Schneewind's alternative to MacIntyre's account of the devolution and fragmentation of morality begins, therefore, with Aquinas and proceeds to Kant. Because the various chapters in which Schneewind unfolds his account are, in fact, told in such painstaking detail, a reader is likely to get much more from some chapters than from others. Paradoxically, we profit more from chapters about thinkers whom we already know well. It is much harder to profit from chapters about those we have never read. That is because the work reads rather like a detailed commentary, and one almost needs the text side by side with the commentary. Consequently, this may not be a book to read from start to finish, and yet without doing so one cannot really get a full sense of Schneewind's story. That unresolved methodological tension lies at its heart. As an exercise in communication it, perhaps inevitably, is flawed.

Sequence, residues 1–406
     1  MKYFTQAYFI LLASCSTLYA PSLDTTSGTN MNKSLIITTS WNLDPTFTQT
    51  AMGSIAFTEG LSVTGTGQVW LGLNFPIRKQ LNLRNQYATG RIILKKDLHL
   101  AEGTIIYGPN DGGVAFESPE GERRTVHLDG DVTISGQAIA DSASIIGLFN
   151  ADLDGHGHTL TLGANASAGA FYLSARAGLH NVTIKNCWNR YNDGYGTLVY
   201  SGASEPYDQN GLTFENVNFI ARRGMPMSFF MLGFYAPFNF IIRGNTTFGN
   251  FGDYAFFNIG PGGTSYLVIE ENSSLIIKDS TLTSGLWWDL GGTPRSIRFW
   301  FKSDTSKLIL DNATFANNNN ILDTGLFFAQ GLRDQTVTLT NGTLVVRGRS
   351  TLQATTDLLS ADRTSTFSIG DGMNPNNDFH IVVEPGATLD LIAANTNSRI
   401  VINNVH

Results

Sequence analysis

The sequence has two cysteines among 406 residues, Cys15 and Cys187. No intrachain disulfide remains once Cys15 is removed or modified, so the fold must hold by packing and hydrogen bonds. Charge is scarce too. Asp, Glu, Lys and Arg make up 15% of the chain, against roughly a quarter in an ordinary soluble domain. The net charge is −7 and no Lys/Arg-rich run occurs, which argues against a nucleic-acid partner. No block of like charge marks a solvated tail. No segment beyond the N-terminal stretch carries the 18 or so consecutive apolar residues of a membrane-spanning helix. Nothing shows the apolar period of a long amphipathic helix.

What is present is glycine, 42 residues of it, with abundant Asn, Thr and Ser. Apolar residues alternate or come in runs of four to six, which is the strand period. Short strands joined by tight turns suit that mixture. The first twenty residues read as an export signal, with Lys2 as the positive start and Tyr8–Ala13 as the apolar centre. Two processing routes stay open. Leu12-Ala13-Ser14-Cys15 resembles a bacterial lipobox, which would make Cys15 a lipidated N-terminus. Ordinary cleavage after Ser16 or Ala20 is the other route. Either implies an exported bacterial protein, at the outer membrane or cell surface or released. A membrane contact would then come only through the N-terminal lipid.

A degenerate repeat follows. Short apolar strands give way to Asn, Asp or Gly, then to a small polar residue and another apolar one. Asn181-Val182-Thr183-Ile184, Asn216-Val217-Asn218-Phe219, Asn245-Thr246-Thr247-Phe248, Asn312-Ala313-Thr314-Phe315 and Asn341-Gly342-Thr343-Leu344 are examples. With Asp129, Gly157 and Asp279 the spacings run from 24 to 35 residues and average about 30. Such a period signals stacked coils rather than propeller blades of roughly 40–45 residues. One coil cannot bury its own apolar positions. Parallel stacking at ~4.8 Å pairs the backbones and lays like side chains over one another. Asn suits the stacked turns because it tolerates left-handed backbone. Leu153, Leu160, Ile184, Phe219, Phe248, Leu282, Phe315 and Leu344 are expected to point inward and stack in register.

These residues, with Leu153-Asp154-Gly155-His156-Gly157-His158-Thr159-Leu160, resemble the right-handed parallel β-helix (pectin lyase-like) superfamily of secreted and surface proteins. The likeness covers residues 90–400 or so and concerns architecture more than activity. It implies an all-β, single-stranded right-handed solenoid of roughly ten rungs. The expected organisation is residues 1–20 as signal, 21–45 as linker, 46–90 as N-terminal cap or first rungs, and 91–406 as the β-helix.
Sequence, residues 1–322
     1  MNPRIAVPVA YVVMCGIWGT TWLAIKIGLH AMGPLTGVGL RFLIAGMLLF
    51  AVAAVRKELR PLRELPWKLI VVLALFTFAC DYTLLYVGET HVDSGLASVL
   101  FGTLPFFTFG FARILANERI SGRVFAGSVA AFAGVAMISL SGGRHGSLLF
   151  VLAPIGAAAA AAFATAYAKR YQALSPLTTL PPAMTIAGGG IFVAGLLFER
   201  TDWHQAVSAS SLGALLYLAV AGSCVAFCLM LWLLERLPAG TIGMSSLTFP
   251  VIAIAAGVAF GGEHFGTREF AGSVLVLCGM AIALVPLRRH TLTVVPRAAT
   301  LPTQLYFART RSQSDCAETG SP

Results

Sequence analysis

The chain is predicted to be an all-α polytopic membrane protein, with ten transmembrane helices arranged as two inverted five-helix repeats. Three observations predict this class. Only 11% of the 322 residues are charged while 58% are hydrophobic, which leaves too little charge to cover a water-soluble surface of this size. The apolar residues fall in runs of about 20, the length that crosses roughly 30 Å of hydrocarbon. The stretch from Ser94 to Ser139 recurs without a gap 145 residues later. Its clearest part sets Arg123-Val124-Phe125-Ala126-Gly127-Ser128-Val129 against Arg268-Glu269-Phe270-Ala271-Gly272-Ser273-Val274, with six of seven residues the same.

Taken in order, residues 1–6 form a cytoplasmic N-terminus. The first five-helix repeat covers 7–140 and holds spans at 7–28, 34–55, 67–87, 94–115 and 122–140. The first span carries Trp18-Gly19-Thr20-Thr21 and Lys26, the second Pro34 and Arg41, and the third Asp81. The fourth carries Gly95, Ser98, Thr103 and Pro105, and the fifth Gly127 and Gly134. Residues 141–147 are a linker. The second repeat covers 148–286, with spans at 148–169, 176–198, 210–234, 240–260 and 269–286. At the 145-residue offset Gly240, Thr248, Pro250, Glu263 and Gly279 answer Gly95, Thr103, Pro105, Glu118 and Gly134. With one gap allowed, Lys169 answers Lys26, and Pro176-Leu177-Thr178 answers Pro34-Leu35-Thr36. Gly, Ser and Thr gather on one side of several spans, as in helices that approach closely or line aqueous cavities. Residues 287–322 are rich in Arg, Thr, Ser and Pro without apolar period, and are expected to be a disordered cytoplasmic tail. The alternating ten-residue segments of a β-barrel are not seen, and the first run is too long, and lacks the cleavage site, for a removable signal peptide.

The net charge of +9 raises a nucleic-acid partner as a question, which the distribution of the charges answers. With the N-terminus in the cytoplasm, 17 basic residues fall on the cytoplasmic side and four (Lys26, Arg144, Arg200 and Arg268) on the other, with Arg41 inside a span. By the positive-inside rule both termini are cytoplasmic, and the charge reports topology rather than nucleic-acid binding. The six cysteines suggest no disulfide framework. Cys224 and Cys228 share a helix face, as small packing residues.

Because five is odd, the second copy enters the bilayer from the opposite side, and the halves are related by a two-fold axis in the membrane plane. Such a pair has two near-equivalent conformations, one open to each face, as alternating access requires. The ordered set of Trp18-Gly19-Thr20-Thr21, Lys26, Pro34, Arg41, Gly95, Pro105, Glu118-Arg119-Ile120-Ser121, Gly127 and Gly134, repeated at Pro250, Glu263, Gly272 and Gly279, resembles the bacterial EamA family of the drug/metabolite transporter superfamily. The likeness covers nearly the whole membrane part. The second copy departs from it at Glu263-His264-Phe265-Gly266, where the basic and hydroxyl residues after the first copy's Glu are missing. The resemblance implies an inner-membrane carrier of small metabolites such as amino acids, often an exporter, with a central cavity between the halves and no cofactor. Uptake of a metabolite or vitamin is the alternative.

The plot of the story, its central turn, is from morality conceived in terms of obedience to morality conceived in terms of self-governance. Just as important, this turn applies to all moral agents, not just a few. All have “equal moral competence.” That is, all are assumed to be capable of self-governance. They do not need instruction from authorities of one sort or another in order to understand the moral law:
All of us, on this view, have an equal ability to see for ourselves what morality calls for and are in principle equally able to move ourselves to act accordingly, regardless of threats or rewards from others. These two points have come to be widely accepted—so widely that most moral philosophy now starts by assuming them. . . . We assume, in short, that people are equally competent as moral agents unless shown to be otherwise. There are many substantive points on which modern moral views differ from what was widely accepted at the beginning of the seventeenth century, but our assumption of prima facie equal moral competence is the deepest and most pervasive difference.